Support Us Button Widget

Fun facts we learned on the Driskill hotel’s history tour

The Austin institution recently opened up its guided history tour to the public, so we took a trip downtown.

The door of the vault in the Driskill lobby, which reads "American National Bank"

Check out this 1890s-era solid steel vault in the the Driskill hotel lobby, a relic from when the hotel hosted the American National Bank.

Photo by ATXtoday

Quick, name a historic building in Austin.

Did the Driskill Hotel come to mind? No surprises there, as it’s been a landmark in Austin since 1886, making it the oldest operating hotel in the city.

The hotel recently opened its guided history tour to the public, so we took a trip downtown to learn more about the 137-year-old institution.

An old, black-and-white photo of the Driskill hotel, with old cars out front.

The Driskill has been a fixture in Downtown Austin since 1886.

Photo provided by The Driskill

Origin story

Colonel Jesse Lincoln Driskill, a cattle rancher, opened the hotel on December 20, 1886. At the time, Austin was the westernmost city in Texas. When it was first built, the hotel held 60 rooms and cost $400,000 (or $92 million in today’s money).

The Driskill was completed before the state Capitol was, and quickly became a political hub of sorts, hosting inaugural balls for the following Texas governors:

  • Sul Ross (less than two weeks after the hotel opened)
  • William P. Hobby
  • Miriam Ferguson
  • Dan Moody
  • John Connally
  • Ann Richards

Colonel Driskill only owned the hotel for ~2 years before selling it. It passed hands over the years, and even appeared to be doomed for demolition in 1969 — that is, until the Austin Heritage Society (now Preservation Austin) helped save the hotel by raising $700,000.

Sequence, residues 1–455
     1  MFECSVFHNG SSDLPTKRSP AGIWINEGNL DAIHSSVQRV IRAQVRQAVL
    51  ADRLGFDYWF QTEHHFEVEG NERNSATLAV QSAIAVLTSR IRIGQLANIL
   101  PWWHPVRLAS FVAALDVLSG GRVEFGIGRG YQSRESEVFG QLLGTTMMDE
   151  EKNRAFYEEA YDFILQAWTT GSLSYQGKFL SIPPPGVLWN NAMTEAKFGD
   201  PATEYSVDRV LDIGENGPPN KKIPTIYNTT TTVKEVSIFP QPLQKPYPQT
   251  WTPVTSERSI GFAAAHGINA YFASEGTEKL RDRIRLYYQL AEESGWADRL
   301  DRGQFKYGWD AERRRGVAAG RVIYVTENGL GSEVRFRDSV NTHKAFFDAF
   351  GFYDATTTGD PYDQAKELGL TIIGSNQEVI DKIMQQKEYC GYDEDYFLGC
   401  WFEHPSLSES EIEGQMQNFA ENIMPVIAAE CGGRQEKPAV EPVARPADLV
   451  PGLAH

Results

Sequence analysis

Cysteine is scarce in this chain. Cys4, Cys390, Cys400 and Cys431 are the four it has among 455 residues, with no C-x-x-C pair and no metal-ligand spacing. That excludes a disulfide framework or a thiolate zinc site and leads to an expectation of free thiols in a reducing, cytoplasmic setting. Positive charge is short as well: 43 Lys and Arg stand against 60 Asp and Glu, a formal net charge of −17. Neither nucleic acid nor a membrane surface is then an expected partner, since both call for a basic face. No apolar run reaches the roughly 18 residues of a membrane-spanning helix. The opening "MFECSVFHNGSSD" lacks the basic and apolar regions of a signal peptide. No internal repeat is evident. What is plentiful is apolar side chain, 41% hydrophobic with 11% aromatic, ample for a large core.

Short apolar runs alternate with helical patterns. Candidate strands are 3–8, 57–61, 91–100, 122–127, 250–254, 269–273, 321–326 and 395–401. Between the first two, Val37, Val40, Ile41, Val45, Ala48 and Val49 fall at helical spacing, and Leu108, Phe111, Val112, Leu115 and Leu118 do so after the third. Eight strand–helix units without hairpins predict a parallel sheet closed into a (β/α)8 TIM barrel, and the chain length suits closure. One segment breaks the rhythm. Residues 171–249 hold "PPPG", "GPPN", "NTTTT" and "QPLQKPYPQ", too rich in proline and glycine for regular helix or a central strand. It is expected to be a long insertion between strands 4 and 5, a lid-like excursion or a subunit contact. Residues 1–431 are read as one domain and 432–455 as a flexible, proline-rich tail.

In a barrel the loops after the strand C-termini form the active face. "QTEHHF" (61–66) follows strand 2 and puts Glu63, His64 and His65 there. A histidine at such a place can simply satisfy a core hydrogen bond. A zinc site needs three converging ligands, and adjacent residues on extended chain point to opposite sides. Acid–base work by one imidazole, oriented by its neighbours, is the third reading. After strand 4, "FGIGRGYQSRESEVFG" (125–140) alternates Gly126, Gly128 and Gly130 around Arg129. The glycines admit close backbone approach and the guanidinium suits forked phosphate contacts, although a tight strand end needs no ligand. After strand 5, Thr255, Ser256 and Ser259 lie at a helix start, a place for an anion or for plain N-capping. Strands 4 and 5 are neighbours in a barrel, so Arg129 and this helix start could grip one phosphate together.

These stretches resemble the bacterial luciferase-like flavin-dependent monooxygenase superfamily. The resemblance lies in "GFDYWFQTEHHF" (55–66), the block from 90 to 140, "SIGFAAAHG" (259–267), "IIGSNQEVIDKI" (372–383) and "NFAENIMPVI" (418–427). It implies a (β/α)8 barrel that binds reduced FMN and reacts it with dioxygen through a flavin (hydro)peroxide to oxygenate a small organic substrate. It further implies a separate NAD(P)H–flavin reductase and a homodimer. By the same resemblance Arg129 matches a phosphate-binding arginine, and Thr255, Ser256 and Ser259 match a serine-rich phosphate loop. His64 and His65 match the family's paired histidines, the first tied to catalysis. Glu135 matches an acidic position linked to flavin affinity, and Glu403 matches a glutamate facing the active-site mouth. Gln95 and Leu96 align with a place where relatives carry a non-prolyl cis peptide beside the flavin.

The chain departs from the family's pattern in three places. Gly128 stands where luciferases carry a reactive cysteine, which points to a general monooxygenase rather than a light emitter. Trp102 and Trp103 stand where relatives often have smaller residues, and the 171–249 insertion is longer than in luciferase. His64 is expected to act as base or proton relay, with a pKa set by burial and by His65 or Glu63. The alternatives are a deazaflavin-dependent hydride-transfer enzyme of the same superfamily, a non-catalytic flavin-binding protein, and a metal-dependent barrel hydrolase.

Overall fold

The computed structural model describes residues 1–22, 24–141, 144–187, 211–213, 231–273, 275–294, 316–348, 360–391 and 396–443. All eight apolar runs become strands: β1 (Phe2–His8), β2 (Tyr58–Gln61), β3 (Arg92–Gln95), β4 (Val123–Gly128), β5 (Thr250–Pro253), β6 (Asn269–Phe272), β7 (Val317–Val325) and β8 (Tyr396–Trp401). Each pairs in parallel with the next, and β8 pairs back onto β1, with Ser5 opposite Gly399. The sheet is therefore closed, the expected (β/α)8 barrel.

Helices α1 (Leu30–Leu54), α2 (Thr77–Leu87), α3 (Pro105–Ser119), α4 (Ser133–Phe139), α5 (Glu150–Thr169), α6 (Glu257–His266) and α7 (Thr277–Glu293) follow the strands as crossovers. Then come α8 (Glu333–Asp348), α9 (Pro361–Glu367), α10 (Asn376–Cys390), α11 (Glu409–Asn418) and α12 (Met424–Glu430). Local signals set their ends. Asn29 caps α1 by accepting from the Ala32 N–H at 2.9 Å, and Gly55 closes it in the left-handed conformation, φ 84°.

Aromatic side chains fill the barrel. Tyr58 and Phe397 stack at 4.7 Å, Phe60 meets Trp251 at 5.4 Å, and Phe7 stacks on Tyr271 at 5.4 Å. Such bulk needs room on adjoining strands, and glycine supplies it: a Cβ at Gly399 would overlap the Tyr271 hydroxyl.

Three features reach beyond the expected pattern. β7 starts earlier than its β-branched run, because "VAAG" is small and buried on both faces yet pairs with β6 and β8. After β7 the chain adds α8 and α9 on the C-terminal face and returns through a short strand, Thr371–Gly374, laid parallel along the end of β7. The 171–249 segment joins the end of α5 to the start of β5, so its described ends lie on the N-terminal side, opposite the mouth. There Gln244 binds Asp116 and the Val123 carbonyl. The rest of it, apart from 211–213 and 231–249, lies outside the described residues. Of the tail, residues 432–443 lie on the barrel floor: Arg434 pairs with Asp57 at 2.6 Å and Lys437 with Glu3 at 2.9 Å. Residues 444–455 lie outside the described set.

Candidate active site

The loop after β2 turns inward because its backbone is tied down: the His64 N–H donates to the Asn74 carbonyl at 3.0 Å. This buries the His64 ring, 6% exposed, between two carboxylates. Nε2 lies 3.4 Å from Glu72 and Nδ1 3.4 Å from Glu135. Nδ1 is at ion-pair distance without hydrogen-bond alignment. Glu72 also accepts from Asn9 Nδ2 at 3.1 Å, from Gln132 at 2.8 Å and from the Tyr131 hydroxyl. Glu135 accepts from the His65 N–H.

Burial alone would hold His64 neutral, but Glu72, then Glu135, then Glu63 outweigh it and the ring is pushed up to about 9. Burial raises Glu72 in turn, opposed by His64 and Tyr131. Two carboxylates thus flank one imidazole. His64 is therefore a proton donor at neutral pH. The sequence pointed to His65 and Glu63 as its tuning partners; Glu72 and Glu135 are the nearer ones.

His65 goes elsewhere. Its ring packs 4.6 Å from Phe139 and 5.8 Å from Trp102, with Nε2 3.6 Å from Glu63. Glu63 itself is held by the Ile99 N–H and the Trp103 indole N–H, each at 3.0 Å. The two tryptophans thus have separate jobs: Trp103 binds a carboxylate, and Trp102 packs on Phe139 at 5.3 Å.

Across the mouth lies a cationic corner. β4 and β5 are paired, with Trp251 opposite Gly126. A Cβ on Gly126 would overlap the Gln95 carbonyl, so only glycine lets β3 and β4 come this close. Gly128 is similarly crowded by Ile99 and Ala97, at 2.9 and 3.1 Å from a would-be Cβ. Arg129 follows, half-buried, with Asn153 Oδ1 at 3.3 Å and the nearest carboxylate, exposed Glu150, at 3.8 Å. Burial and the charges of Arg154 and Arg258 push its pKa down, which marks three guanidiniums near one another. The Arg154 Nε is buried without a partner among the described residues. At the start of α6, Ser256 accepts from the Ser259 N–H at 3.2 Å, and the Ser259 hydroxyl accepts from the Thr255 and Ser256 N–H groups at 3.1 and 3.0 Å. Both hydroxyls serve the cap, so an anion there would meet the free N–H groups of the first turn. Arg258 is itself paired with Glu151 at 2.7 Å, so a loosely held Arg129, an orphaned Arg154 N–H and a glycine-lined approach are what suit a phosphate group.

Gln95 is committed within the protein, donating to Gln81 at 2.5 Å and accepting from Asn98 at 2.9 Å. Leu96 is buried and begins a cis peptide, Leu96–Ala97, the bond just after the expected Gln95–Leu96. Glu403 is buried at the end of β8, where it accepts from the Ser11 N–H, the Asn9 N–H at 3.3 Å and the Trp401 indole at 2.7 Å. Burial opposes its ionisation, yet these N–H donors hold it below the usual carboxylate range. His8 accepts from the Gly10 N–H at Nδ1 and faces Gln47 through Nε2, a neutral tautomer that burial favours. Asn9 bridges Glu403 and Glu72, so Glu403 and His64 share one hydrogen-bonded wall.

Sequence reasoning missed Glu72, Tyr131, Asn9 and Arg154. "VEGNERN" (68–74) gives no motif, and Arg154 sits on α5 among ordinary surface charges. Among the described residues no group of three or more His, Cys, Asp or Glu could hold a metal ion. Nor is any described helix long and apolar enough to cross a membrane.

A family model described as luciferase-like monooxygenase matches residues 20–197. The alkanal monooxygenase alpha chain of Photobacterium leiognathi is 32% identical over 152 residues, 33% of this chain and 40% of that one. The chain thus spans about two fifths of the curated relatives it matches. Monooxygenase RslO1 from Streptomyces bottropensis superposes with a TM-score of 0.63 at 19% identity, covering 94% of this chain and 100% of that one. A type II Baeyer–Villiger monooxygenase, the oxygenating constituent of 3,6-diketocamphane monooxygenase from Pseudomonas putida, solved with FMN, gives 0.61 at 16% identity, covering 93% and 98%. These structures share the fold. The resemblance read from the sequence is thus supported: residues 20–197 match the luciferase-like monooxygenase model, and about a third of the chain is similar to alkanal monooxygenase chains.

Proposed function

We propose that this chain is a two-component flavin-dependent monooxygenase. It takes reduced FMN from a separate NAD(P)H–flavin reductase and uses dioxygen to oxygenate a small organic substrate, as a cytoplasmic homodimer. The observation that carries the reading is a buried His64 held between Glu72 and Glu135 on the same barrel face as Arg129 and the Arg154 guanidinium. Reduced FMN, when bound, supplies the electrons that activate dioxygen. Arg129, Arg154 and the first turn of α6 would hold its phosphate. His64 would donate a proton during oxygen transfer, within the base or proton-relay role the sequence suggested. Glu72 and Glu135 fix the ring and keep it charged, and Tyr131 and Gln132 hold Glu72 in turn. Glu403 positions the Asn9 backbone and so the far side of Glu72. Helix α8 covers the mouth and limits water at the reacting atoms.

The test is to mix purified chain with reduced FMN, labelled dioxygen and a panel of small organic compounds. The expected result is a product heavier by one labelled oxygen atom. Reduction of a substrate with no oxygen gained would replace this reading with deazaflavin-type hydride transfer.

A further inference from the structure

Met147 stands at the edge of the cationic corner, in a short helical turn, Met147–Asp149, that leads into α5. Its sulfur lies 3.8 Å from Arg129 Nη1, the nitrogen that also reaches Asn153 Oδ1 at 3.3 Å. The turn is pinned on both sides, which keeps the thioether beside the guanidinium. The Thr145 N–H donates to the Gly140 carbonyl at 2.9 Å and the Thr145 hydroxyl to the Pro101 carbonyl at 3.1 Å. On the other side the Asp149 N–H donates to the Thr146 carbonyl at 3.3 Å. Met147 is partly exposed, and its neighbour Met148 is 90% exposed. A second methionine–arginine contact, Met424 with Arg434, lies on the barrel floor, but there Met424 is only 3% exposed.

An old, black-and-white photo of people — including President Lyndon B. Johnson — watching a TV in the Driskill's Hogg Parlor.

President Lyndon B. Johnson watched the results of his successful reelection campaign in the Driskill’s Hogg Parlor.

Photo provided by The Driskill

More fun facts

  • Former President Lyndon Baines Johnson had a secret passage from his favorite suite to the Hogg Parlor, where he watched the results of his successful 1964 presidential election.
  • The portrait of Colonel Driskill in the lobby has two cleverly restored bullet holes from a duel that took place in the early 1900s.
  • The eight golden and diamond-dusted mirrors in the Maximilian Room on the second floor were bought as a wedding present for former Mexican empress Carlotta Maximilian, before her husband Ferdinand was executed by Benito Juarez’s regime.

Driskill history tours run daily, starting at 4 p.m. Book yours for $10 here.

More from ATXtoday